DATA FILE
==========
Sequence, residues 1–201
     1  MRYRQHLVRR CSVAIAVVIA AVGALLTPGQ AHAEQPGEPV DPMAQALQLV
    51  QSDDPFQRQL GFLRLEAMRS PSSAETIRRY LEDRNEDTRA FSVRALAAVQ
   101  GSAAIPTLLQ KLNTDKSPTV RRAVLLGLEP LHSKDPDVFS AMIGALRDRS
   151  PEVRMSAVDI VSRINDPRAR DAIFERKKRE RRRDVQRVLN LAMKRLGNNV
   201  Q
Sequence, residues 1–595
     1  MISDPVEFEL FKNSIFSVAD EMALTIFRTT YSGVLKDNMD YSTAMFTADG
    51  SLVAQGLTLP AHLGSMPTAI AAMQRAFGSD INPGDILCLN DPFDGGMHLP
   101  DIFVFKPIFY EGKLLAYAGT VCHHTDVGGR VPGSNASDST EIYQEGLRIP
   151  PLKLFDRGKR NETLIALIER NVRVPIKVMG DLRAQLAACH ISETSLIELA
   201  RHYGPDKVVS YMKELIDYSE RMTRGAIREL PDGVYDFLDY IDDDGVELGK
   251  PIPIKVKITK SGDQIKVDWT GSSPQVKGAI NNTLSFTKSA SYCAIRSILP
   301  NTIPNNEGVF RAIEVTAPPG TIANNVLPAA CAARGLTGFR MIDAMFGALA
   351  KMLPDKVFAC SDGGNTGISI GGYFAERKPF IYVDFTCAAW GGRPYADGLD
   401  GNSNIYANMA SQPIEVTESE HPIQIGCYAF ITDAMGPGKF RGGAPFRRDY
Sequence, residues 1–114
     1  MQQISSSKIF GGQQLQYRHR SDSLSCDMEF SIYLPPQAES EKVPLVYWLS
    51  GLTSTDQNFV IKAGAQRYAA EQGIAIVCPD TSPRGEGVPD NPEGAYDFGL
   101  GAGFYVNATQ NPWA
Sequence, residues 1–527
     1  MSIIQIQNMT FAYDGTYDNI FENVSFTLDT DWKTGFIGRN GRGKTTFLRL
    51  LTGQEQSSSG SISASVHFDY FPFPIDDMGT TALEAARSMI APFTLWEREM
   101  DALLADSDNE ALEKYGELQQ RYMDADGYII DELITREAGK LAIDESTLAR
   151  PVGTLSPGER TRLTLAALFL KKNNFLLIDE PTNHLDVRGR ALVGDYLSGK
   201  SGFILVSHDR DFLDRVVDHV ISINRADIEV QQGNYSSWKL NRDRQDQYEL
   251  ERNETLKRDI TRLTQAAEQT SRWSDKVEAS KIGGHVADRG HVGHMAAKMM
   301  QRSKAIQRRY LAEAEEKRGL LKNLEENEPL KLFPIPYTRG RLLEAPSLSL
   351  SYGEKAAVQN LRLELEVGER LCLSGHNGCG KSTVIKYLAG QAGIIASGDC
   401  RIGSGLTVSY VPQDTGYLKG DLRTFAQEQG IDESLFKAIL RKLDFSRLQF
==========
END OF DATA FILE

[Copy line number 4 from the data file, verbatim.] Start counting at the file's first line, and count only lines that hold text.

   101  GSAAIPTLLQ KLNTDKSPTV RRAVLLGLEP LHSKDPDVFS AMIGALRDRS